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HOME : African & Tribal Art : Masterpieces of African Art : Akan Gold Benfra Bracelet
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Akan Gold Benfra Bracelet - CK.0257
Origin: Ghana/Ivory Coast
Circa: 1860 BC to 1900 AD
Dimensions: 4" (10.2cm) high x 4" (10.2cm) wide x 1.75" (4.4cm) depth
Collection: African Art
Medium: Gold

Location: United States
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In many cultures throughout the world, gold has been associated with status, power, prestige and wealth. As early as the 15th century, European merchants wrote about the richness of African gold objects used for adornment and intended for public display. Gold deposits were discovered in all regions of Africa, and became the most important commodity during pre- colonial times. The region of the Akan, spreading from the forest zone and costal areas of Ghana to the southern shores of the Ivory Coast, is the richest auriferous zone in West Africa. Several individual tribes make up the Akan people, the Asante and Baule being among the most famous, all united by their common ancestry and language. The royal courts of the Akan people were reportedly the most splendid in Africa. Oral tradition and iconography in Akan works of art are very closely connected. Verbal and visual symbolism tells stories or proverbs. Imagery of royal power on court ornaments carry out messages that helps keep the balance and continuity within the society.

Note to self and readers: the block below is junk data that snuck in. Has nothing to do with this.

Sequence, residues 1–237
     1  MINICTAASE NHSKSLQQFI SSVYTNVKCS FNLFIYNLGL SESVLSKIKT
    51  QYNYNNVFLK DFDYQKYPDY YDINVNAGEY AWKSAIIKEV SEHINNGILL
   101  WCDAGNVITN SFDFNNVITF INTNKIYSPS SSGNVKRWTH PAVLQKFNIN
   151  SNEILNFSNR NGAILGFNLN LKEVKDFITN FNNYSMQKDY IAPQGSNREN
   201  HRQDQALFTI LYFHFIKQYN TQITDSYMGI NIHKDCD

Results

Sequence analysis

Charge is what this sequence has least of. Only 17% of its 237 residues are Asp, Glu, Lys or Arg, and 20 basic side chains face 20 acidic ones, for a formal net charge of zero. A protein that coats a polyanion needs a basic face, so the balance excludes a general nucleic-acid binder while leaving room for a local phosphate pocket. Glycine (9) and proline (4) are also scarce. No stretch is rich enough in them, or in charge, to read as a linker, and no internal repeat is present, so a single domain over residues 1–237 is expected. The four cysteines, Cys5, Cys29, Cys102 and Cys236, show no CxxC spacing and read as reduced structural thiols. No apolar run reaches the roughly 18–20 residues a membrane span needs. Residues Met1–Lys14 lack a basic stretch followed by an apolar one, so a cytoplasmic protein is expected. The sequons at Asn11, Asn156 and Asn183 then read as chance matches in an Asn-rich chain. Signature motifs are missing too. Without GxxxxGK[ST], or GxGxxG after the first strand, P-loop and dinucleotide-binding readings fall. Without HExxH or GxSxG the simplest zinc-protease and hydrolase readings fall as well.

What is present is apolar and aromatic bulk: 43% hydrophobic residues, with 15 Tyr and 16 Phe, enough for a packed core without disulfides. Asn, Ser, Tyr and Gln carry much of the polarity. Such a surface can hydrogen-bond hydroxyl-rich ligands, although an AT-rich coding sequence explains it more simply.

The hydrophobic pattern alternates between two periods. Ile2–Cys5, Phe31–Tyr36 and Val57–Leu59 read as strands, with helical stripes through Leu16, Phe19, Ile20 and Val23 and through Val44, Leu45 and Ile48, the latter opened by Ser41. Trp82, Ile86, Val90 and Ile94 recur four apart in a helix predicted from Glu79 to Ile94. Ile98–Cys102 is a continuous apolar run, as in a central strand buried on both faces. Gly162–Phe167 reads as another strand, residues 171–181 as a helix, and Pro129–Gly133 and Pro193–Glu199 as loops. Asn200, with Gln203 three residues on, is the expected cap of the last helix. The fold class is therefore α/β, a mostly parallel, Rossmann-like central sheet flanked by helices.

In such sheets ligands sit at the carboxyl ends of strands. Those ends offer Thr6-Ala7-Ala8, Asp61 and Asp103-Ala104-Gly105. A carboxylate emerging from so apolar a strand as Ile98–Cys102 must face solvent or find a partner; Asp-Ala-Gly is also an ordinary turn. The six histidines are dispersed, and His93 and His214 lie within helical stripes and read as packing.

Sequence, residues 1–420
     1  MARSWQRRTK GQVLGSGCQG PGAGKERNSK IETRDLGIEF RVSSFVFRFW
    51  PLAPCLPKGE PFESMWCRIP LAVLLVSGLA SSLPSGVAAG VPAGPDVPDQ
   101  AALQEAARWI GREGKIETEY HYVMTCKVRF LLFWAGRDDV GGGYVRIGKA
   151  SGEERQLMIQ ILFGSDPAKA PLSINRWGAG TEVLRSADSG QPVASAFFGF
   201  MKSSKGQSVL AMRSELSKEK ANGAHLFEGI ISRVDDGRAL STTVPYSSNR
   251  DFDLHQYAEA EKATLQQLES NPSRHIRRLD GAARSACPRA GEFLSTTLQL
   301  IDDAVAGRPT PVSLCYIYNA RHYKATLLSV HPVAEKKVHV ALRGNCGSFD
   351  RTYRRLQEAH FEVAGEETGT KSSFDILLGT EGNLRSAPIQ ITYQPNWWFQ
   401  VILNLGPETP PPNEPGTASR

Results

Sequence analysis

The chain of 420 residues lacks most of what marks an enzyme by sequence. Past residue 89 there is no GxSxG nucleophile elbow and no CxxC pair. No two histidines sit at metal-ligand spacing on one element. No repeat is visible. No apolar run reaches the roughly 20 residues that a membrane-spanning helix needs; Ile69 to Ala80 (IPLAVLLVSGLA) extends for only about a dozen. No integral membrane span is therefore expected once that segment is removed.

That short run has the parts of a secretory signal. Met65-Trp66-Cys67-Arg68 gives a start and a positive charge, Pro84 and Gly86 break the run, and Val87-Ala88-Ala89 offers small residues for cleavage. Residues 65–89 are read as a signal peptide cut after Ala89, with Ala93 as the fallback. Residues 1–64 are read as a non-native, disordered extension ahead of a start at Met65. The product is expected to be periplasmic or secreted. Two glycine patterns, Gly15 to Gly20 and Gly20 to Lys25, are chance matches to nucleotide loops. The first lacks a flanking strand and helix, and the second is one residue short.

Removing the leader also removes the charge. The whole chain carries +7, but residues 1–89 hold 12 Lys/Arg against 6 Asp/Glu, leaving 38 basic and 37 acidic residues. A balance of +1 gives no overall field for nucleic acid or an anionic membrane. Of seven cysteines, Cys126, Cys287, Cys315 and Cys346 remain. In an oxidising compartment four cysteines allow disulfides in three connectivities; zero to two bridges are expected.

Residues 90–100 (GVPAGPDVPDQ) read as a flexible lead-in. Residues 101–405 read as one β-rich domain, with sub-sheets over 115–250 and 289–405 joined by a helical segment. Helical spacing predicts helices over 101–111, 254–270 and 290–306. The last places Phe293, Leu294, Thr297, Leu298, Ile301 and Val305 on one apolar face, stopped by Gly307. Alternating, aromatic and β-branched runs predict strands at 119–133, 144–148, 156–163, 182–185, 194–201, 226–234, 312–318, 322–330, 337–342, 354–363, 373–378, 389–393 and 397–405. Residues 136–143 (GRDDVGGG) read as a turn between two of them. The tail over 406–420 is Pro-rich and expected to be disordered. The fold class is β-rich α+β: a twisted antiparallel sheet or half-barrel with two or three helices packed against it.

This dramatic bracelet would once have been worn by a chieftain or queen-mother from the Akan peoples. They are known as benfra (benfena or berenfena) bracelets and are usually worn on the left-wrist or forearm. They are cast in two halves and joined by a pin. They do not seem to have any specific symbolic meaning beyond a desire for conspicuous display of wealth. The finest, like this example, have a complex spiky design with additional incisions of parallel lines and concentric circles. They were hollow-cast around a clay core and then decorated with modelled designs. They are also known to have been produced in silver or gilded wood.

Ref: T.F. Garrard, ‘Gold of Africa: Jewellery and Ornaments from Ghana, Côte d’Ivoire, Mali and Senegal in the Collection of the Barbier-Mueller Museum,’ (Munich, 1989, pp.70-71). - (CK.0257)


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